The job fell to Gonzales, LA-based Auger Services, a company focused on foundation drilling services.
“This was a specialized project,” said General Superintendent Terry Ramey, “requiring a specialized crew and the very best equipment.”
Having years of experience with the telecrawler product and owning 12 of their own units, Ramey knew a Mantis crane was critical to job success. Auger Services contacted Scott Powerline and secured a 100-ton rated Tadano Mantis 20010, as well as the newer 120-ton GTC-1200, both with WP-750 personnel platforms.
“Scott Powerline had what we needed, when we needed it and delivered it as promised,” said Auger Services Vice President Bryan Beck. “This project allowed these cranes to showcase the strength and versatility of the Tadano Mantis product line – driving caissons, lift capacity, man basket work, mobility and pick and carry capability.”
The Mantis crane was the perfect machine for the job, Ramey added.
Buckner’s Long said that telecrawlers are highly versatile machines on wind projects.
“They assist with main erection crane assembly/disassembly, turbine component offloading and tailing,” Long said.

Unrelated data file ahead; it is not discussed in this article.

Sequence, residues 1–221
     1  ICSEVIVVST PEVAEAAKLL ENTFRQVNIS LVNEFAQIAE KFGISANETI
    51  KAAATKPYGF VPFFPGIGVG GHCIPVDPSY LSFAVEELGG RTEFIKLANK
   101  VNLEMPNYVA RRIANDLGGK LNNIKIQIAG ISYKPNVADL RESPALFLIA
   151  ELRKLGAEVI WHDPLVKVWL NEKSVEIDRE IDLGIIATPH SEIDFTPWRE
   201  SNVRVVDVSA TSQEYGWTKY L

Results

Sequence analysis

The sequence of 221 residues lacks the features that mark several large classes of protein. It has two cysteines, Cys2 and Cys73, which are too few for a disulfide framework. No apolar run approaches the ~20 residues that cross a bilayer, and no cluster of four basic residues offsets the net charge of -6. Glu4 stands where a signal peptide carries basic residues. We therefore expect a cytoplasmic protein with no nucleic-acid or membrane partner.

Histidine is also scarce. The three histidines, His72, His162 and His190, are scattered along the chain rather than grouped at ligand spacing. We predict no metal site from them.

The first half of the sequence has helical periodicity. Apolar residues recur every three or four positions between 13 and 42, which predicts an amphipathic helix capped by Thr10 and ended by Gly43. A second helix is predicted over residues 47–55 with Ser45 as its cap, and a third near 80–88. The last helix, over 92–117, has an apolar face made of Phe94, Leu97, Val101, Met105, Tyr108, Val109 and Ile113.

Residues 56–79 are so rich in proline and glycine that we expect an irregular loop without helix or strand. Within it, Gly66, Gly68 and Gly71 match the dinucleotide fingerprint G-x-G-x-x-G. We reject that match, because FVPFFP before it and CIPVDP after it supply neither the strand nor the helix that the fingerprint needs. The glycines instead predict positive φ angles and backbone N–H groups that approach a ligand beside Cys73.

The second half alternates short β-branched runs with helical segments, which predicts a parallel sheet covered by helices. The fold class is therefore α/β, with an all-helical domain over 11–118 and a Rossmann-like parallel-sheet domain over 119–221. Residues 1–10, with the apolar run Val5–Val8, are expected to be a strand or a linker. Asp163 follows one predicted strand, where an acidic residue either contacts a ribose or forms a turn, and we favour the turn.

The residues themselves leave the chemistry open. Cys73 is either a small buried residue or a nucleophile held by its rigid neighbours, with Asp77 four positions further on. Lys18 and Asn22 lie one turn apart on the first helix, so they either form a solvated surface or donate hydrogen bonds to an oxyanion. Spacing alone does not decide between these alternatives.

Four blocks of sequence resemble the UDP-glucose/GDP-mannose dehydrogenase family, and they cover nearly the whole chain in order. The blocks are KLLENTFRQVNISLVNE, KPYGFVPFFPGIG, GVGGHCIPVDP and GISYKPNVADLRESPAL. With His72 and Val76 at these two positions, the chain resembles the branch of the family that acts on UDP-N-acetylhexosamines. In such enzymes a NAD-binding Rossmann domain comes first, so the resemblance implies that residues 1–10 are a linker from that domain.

Some of Buckner’s customers have used telecrawlers to erect base tower sections and for building rotors at wind farms.
“It is also becoming common for wind turbine drivetrains to be shipped separately from the nacelle, and our telecrawlers are commonly used to install the drivetrain, hub or perform other sub-assembly prep work,” said Buckner’s Dan Ives. “They have great lifting capacity for their class. For example, a 110-ton telecrawler can execute lifts at a similar radius to a 130-ton rough terrain crane. Because there are no outriggers to get in the way, telecrawlers can actually utilize the high capacity that cranes have at a shorter radius. Many rubber tired cranes on outriggers have clearance issues when lifting at a 20 feet radius or less.”
Buckner HeavyLift used its Liebherr LTR 1100 as a support crane at the Diamond Vista Wind Project near Marion, KS.
Long said that many of Buckner’s telecrawlers accompany its lattice crawlers because of the flexibility supporting the larger-scale crawler’s assembly and disassembly.
Buckner used its LTR 1220 to set the base sections of wind towers at the Red Dirt Wind Project near Hennessey, OK. The company used its LTR 1100 as a support crane at the Diamond Vista Wind Project near Marion, KS. Buckner’s LTR 1220 also recently assisted at the Peyton Creek Wind Project near Bay City, TX.